One of David Cameron’s legacies from his ” Big Society ” initiative is the creation of a National Citizen Service for 15 to 17 year olds where they could go to summer camps.take part in adventurous sports like rock climbing and kayaking and undertake community work and local projects for four weeks.
He bequeathed Theresa May with a bill setting up a national trust with a Royal Charter so it could be implemented nationwide. So enamoured was David Cameron with the idea he has agreed to be chair of the patrons of the new trust.
But since Theresa May took office it has suffered two body blows. She has limited the money and dropped a commitment to a statutory requirement for schools and colleges to publicise it. None of this has had much publicity because of Trump and Brexit.
As a result it will have less money and less publicity.
Her action coincided with a damning National Audit Office report which questioned its ability to deliver and control the money it has already received.
The NAO warned : “The Trust has spent little time understanding costs and where savings could be made. The Trust has four strategic objectives: growth; quality; cost and sustainability. Its business plan includes a number of cost control initiatives at the early stages of implementation. “
“Based on a full unit cost, NCS risks being financially unsustainable in the future. Our analysis shows that in 2016, the estimated full unit cost exceeded the expected unit cost by 19%
“On this basis, it will cost government £560 million to provide 300,000 places in 2019-20, 32% more than the £424 million funding currently allocated. The unit cost will need to fall 29% from £1,863 in 2016 to £1,314 in 2019 to provide these places within the available spending envelope. “
Worse the report found that the trust had little ability to control costs.
Amyas Morse, the head of the NAO added: “NCS is now at a critical stage…. The OCS (Office for Civil Society) and the Trust have shown that NCS can attract large numbers of participants, and participation has a positive effect on young people. These are no small achievements, but it remains unclear whether these effects are enduring and whether NCS can grow to become ‘a rite of passage’ available to all 16- to 17-year-olds.The OCS and the Trust now need to think radically about the aspects of the current programme that work and how best to achieve NCS’s aims at a more affordable cost to the taxpayer.”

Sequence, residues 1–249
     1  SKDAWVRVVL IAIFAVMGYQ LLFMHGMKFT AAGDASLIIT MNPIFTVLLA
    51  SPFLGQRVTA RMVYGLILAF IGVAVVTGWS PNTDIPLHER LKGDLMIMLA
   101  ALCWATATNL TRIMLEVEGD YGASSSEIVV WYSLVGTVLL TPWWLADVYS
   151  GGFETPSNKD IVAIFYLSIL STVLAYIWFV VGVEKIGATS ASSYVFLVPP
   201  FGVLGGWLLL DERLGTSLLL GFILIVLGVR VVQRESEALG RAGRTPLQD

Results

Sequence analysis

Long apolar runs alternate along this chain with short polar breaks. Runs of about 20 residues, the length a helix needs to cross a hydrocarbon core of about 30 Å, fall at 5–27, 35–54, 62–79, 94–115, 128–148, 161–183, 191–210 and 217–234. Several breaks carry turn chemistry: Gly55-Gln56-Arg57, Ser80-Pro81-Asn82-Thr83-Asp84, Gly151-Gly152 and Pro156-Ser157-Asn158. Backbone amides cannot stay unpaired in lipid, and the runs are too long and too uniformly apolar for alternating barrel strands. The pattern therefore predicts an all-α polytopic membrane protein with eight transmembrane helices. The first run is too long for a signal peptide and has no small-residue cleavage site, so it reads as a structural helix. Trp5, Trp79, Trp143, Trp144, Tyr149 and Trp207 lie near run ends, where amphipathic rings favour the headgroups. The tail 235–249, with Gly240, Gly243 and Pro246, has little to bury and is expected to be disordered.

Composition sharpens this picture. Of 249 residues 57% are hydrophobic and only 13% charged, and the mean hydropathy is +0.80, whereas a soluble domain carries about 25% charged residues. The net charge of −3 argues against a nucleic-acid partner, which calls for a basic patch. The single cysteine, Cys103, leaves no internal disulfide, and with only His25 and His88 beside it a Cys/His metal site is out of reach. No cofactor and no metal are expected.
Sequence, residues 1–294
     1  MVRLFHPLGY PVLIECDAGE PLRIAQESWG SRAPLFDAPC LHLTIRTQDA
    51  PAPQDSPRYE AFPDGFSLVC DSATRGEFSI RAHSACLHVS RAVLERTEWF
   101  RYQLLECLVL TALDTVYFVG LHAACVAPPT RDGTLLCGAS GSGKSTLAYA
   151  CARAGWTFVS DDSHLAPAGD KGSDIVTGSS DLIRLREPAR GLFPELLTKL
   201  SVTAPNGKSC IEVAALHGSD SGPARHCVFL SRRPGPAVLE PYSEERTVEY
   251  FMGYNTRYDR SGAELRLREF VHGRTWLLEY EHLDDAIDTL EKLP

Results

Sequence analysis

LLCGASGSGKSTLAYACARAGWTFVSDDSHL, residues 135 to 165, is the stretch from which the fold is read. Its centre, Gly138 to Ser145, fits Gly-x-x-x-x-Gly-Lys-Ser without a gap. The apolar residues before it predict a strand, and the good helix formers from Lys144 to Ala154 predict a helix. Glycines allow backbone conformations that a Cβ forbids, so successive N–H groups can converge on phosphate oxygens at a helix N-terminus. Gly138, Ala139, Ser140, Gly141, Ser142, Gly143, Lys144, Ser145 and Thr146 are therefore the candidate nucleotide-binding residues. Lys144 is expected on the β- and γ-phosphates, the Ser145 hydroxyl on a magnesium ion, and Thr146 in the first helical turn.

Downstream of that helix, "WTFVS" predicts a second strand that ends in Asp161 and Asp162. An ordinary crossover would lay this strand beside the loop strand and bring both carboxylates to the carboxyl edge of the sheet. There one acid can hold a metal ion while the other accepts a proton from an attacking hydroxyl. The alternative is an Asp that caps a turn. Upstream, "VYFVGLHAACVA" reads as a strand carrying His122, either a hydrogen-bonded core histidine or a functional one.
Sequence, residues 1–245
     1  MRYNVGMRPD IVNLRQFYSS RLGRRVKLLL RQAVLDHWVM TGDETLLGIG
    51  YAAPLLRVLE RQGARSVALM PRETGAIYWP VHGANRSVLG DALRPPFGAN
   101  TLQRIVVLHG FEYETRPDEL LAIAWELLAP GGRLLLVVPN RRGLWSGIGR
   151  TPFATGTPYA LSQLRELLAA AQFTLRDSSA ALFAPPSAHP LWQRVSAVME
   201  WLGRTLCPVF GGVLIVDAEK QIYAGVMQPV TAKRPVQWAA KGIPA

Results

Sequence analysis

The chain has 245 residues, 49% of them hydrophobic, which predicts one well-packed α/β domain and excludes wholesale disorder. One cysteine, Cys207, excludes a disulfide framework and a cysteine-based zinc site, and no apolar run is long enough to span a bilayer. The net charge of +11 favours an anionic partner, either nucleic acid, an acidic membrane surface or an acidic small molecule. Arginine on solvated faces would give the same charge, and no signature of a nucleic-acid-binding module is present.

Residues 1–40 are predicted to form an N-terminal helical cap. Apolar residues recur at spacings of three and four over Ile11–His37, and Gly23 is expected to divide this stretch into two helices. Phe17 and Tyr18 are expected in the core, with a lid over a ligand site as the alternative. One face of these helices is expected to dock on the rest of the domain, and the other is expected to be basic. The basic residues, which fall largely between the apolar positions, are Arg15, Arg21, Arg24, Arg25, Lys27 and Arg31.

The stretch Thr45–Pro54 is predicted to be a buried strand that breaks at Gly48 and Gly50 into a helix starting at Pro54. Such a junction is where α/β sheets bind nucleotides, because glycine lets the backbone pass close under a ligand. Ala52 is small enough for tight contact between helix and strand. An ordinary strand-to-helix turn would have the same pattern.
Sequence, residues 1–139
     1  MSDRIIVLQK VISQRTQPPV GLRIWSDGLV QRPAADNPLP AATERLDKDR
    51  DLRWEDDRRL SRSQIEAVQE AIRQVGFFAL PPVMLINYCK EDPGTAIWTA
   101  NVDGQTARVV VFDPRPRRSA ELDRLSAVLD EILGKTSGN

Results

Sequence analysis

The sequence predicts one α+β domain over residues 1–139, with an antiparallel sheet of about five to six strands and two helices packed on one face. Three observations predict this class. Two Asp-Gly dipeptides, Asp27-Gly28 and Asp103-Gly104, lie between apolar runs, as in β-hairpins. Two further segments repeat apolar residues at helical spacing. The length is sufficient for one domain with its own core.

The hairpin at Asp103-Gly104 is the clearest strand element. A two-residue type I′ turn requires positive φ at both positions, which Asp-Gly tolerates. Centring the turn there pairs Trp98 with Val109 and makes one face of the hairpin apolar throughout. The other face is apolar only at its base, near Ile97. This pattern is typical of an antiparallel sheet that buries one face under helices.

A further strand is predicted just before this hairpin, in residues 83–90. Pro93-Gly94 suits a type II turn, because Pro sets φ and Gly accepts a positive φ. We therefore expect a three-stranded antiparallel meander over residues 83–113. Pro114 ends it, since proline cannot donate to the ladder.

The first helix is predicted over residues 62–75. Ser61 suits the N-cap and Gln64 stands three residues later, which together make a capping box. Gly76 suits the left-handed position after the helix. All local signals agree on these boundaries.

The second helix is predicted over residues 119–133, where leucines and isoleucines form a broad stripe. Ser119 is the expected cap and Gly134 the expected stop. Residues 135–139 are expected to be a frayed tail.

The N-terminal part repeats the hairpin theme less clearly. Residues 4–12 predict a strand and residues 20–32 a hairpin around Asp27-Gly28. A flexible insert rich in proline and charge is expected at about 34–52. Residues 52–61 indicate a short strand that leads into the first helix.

The question is what is the NCS for? Will it just be another project high jacked by pushy parents who want their sons and daughters to have an attractive CV when they apply for a university place? Or will it serve as a genuine catalyst to give ” hard to reach ” young people an idea of community involvement.
One working class area where it is working is Barnsley.
The local MP ,Dan Jarvis, Labour MP for Barnsley Central, is strongly behind it and has promoted the scheme in his constituency.
“It obviously needs to be value for money but it is vitally important it gets to “ hard to reach “ kids as it can change lives.
“People sometimes think I am keen to promote it because of my army background and want to introduce it as a return to conscription. This is not the case – it is more than one needs the scheme to be put on a national basis.”
He says the success in Barnsley is helped by projects run by the town’s football club and also a recent exchange with the London borough of Newham which helped kids broaden their horizons.
At the moment the jury is out. Will it expand to benefit the working classes or just be another middle class ” rite of passage”. Who will win out – Barnsley or Eton?
I have also written about this for Tribune magazine.